The cost of the project was close to $250,000 for construction and sludge hauling without consideration of other costs, such as engineering design work, sample analysis, and staff time. The earthwork associated with the construction of this site for a new facility with the excavation and placement of 27,200 CY of compacted earthfill would have been completed for approximately $70,000.
With flexible scheduling, it was possible to find a landowner that was willing to pay for the hauling and land application of sludge, which reduced the out-of-pocket expenses for the closure by more than $90,000.
The amount of Phosphorus present in the sludge was compared to the cost of commercial fertilizer. As of February 2011, Rock Phosphate with 32% P2O5 was selling at $160/metric ton (Index Mundi, 11 June 2012), therefore P2O5 was $500 per metric ton. Using the hauled weight of 12,100 tons with a moisture content of 25.9% and 5.66% P and a conversion factor of 2.29 for P to P2O5, there was 1,160 tons (1,054 metric tons) of P2O5. At the rate of $500 /metric ton, the P2O5 in the sludge would have a value of $525,000. There is additional fertilizer value for the other constituents that are not included.
This case study provides much needed data for the closure of similar operations across the United States. The data collected will be used for future closures under the NRCS Environmental Quality Incentives Program (EQIP). The construction specifications that were developed for this project can be adapted into general specifications for future closure projects. Additional work is needed to compare the value of the sludge to a fertilizer value. The potential for a portable pelletizing and bagging system for recycling sludge from lagoons warrants further research.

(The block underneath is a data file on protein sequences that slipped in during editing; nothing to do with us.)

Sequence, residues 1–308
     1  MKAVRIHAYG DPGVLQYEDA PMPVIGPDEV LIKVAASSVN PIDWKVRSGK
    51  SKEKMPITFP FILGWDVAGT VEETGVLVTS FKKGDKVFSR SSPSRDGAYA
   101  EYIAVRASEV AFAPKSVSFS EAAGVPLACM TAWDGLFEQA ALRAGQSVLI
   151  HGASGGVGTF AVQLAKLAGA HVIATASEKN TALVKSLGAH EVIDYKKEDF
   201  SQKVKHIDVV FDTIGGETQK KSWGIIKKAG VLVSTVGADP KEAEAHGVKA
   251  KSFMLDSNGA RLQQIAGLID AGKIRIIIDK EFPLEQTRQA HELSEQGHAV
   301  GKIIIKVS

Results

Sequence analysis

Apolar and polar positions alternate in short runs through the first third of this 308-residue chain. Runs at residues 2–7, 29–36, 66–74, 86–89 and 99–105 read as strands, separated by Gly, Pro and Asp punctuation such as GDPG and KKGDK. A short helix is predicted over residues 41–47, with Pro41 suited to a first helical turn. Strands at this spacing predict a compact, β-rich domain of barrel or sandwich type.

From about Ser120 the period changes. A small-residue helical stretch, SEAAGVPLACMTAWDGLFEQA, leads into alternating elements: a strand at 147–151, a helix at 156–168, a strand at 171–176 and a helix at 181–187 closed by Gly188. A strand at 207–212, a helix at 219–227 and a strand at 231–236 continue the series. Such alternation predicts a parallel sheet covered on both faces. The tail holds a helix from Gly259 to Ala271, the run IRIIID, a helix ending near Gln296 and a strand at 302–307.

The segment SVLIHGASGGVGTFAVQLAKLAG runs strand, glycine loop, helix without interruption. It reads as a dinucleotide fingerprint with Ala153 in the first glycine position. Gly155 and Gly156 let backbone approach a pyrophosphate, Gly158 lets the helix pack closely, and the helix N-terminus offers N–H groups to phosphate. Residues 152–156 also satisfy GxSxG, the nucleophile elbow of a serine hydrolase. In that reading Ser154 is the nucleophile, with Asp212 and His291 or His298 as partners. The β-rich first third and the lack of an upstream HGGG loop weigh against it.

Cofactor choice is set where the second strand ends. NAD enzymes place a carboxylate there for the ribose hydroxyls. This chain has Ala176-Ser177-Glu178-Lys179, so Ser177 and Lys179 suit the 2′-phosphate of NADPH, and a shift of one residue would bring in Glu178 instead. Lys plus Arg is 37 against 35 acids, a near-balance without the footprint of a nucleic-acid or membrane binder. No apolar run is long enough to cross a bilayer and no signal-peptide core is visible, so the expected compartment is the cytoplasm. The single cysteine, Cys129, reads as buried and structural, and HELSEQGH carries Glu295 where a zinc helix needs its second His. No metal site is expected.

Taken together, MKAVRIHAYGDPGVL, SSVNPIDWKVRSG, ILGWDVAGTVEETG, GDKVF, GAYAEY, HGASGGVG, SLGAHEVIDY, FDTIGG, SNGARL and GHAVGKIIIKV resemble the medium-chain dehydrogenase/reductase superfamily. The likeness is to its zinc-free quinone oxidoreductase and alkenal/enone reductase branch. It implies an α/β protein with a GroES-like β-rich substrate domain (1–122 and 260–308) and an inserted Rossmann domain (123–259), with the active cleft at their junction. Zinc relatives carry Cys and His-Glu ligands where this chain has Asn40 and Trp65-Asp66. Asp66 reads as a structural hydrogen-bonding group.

Catherine Nash, Water Resources Engineer, USDA – Natural Resources Conservation Service Catherine.firstname.lastname@example.org
“Case Study: Closure of Earthen Lagoon”, An ASABE Meeting Presentation, Paper No. 1336921
Archived webinar – Poultry Lagoon Closure – Case in Progress
Contributions from Texas Poultry Federation, Gonzales Soil and Water Conservation District, Texas State Soil and Water Conservation Board (TSSWCB), USDA – Natural Resources Conservation Service (NRCS), Texas Water Resources Institute, Farm Pilot Project Corporation, Inc. (FPPC) and others made this project possible. A special thanks to: John Foster, TSSWCB, and James Grimm, Texas Poultry Federation, for initiating the project and keeping it moving forward; Lee Munz, TSSWCB for assistance with surveying and taking the lead on his first construction project; John Mueller, NRCS for his support and guidance through the process; Ace Fairchild, NRCS, for his enthusiasm and support throughout the project; Wayne Gabriel, NRCS, for assistance with soils identification; Tom Beach, NRCS, for evaluating feasibility of other options for closure; Shawn Higgins for assistance, endurance and encouragement with the development of Engineering Drawings and Specifications. Thanks to Gonzales County Soil and Water District Employees who helped throughout the project, including: Jeremiah Ford, Abigail Lindsey, Shari Johnson, Jessi Goodson and Wain Fairchild. Thanks to TSSWCB staff including: Lawrence Brown, Jeff Cerny, Amy Devereaux, TJ Helton, Dawna Winkler, and Kenny Zajicek. Thanks to USDA-NRCS staff including: James Davis, Andria Heiges, Jeff Porter, Doug Sharer, James Smith, and Millie Stevens. Thanks to AgriLife Extension members: Saqib Mukhtar, Biological and Agricultural Engineering Department; and Sam Feagley, Department of Soil and Crop Sciences. Every person that was asked for assistance responded graciously and enthusiastically in a timely manner.